Titanic received an Emmy Award for Outstanding Sound Mixing for a Drama Miniseries or a Special. It was also nominated for Outstanding Costume Design for a Miniseries or a Special.[8]

Year Category Nominee(s) Result
1997 Outstanding Sound Mixing for a Drama Miniseries or a Special David Husby, David E. Fluhr, Adam Jenkins, Don Digirolamo Won
Outstanding Costume Design for a Miniseries or a Special Joe I. Tompkins, Jori Woodman Nominated

Historical Inaccuracies

  • Molly Brown boarded the Titanic at Cherbourg, France, not at Southampton, England as depicted in the film.
  • In the film, the Southampton crowd is shown waving off the Titanic off the starboard side. In real life, they did so on the port side.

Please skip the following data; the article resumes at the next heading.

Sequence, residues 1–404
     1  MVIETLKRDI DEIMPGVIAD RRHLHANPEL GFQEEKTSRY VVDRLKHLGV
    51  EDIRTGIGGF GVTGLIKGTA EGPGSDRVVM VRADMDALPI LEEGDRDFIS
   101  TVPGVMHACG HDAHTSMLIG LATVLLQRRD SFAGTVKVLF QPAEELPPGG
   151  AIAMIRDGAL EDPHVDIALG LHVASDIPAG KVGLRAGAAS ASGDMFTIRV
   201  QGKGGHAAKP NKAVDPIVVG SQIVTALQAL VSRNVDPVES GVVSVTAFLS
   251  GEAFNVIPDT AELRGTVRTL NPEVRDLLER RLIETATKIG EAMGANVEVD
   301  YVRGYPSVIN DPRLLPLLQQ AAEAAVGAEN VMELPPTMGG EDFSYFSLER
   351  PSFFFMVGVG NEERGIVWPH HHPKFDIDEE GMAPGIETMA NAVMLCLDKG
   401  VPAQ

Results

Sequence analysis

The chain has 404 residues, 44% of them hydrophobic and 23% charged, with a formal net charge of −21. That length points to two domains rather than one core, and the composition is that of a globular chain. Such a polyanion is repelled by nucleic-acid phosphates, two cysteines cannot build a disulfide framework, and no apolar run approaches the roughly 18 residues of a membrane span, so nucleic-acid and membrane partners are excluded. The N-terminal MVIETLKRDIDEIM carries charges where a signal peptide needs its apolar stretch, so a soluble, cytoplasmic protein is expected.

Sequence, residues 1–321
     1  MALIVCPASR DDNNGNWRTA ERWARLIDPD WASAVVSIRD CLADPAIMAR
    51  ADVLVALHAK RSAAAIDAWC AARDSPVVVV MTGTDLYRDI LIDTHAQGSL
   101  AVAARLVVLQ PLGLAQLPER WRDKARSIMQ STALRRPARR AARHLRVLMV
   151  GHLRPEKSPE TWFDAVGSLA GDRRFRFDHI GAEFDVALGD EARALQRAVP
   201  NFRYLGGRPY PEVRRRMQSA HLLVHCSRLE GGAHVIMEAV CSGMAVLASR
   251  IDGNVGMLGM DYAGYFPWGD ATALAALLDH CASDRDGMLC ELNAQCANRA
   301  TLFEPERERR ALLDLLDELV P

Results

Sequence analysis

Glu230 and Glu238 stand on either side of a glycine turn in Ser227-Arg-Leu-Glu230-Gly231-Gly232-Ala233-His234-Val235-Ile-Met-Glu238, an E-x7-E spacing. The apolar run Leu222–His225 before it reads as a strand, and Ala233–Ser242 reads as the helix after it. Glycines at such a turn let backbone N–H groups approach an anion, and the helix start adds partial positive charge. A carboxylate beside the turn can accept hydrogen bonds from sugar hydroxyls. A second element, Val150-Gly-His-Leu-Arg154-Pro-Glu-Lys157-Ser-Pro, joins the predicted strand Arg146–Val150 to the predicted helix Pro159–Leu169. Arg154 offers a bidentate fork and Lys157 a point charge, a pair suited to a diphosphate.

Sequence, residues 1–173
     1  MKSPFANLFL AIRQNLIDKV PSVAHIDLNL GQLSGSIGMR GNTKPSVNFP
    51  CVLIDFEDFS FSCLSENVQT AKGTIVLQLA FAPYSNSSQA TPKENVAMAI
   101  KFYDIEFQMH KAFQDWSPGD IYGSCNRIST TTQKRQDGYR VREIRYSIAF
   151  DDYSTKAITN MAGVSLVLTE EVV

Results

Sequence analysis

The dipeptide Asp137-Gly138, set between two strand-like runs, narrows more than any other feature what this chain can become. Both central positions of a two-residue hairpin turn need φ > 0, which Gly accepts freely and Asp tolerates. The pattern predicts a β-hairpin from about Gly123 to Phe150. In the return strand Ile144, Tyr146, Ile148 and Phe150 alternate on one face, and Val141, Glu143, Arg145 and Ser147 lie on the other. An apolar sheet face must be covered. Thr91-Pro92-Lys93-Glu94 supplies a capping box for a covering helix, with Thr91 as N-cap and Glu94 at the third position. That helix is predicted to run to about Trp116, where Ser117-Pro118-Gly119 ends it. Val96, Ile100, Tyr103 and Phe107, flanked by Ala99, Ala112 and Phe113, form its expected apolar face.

• In a scene coming very close after the one in which Titanic collides with the iceberg, Captain Smith is seen with a blueprint rolled out on a table, explaining the nature of the ship's damage - and how long she would remain afloat - to White Star Line Director Bruce Ismay and the senior officers. According to eyewitness testimony, though, it was Titanic designer Thomas Andrews of Harland & Wolff Shipyards, not Captain Smith, who presented this assessment to the Captain, senior officers, and Bruce Ismay. Indeed, the character of Thomas Andrews, who played a key role in the events that night, is not seen anywhere in the movie at all.
  • In the movie, Captain Smith is shown complaining that the distress rockets should be red instead of white. White was the correct color.